Delay in US startup visas not good for Indian entrepreneurs

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As reported earlier, the Trump administration is considering doing away with the startup visa program, having already postponed the launch from its intended date of 17 th July.

The visa programme was approved in January by Barack Obama administration, and if implemented, would allow non-US founders to live in US if they build their startups there.

As per the varied Silicon Valley startup culture, more than half of the US startups valued at $1 billion dollars or more have been founded by immigrants, who are also key members of either management or product development teams in more than 70% of these companies. The above data was compiled in a 2016 study by the National Foundation for American Policy (NFAP), a US-based non-profit nonpartisan public policy think tank.

Out of these startups founded by immigrants, around 30% have been founed by people of Indian origin.

"Without doubt, bringing in entrepreneurs creates American jobs and expands the economy, it is the closest thing there could be to a free lunch for the United States. This is a lose-lose for the US and for the entrepreneurs who would have come here but it will benefit the countries where they would have come from," said Indian-American technology entrepreneur and academic Vivek Wadhwa.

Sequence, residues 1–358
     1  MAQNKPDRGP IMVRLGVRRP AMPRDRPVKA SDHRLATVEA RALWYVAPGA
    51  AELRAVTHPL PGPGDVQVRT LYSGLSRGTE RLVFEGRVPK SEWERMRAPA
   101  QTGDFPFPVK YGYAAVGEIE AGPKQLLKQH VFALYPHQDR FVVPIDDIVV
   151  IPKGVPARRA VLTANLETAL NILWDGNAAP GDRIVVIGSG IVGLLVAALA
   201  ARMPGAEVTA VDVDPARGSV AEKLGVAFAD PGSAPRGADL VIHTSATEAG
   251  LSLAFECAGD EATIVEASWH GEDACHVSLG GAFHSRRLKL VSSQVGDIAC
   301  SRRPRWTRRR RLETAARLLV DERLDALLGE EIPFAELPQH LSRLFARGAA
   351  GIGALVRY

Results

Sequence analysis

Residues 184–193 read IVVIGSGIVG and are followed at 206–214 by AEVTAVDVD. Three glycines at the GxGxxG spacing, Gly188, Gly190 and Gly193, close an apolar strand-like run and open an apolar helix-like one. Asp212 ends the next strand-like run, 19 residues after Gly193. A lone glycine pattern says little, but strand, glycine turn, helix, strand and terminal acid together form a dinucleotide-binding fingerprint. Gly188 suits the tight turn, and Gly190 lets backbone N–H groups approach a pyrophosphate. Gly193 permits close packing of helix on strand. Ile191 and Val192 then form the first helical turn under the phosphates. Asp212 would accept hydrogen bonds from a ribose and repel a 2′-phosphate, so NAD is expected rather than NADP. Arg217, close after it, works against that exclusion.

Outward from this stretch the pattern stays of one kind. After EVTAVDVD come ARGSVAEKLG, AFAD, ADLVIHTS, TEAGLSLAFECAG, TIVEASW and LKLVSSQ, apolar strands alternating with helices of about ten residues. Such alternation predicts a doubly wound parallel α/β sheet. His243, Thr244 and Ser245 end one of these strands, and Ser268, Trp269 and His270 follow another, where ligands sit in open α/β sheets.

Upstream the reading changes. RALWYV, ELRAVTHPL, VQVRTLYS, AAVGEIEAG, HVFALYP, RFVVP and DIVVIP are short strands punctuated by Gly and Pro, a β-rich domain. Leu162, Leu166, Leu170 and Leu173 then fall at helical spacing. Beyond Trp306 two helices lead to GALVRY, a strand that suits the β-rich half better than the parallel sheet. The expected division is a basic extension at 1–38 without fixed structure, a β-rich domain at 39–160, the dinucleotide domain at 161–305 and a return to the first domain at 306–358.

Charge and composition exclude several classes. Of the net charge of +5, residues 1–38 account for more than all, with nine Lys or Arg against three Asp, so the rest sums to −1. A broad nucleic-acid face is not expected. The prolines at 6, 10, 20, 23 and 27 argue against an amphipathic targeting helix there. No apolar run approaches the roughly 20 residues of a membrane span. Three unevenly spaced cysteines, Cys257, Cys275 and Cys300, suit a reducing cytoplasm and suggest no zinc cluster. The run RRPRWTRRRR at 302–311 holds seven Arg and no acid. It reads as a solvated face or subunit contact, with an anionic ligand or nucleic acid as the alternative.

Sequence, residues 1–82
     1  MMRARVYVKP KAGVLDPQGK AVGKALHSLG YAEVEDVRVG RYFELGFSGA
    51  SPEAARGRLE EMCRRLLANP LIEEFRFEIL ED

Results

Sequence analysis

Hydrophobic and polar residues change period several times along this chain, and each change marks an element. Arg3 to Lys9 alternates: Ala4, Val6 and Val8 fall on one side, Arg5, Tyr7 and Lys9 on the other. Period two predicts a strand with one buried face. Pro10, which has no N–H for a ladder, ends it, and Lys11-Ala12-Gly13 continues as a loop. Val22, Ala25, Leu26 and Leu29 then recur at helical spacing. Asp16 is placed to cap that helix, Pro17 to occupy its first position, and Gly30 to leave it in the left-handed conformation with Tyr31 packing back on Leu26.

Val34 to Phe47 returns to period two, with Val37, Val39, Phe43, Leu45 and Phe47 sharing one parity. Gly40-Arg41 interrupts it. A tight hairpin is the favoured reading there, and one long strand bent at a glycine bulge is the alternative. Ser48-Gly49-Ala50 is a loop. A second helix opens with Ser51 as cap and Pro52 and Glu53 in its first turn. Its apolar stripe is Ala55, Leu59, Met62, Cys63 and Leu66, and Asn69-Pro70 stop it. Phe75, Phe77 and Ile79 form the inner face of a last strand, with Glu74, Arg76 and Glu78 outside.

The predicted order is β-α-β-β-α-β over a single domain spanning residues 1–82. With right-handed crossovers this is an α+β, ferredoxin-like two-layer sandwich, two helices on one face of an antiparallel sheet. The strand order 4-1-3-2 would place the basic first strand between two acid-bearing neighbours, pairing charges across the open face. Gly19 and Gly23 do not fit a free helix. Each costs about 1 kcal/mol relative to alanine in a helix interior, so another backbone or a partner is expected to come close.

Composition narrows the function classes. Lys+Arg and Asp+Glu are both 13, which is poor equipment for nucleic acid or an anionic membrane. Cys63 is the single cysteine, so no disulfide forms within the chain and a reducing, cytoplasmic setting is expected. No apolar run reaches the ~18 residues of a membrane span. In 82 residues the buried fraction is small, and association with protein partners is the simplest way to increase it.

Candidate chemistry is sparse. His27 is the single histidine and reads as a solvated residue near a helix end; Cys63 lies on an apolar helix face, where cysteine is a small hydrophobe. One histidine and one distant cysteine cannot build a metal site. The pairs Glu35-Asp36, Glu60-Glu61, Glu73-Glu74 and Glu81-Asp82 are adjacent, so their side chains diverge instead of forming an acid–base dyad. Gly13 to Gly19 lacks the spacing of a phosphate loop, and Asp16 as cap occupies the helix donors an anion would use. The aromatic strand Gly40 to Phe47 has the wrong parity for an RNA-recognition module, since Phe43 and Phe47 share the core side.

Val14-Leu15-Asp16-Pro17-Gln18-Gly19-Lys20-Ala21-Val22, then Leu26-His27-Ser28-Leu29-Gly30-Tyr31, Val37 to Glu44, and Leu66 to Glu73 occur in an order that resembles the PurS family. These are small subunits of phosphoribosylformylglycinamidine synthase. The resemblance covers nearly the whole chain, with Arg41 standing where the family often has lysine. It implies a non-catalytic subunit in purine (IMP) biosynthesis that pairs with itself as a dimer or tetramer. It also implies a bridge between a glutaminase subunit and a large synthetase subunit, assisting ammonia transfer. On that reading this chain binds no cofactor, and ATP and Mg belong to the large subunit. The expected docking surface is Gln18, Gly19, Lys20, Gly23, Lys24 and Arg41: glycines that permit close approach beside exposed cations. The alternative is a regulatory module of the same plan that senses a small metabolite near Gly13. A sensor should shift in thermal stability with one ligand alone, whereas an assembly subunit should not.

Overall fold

"This is the type of brain-dead policy that is becoming a hallmark of the Trump administration. They are pandering to anti-immigrant groups rather than focusing on US competitiveness and economic growth," he added.

Another Silicon Valley entrepreneur Puru Vashishtha said that some of his friends from Stanford University had their ideas and capacities limited because of lack of a startup visa.

"These were highly trained, best minds in the world. They wanted to do product startup in the Valley. Unfortunately, because of being a foreign national, even a top university graduate does not get the same options as rest of her US classmates. This is regressive and it deprives the US from significant value creation and job creation. Startup visa was a big hope," he told ET .
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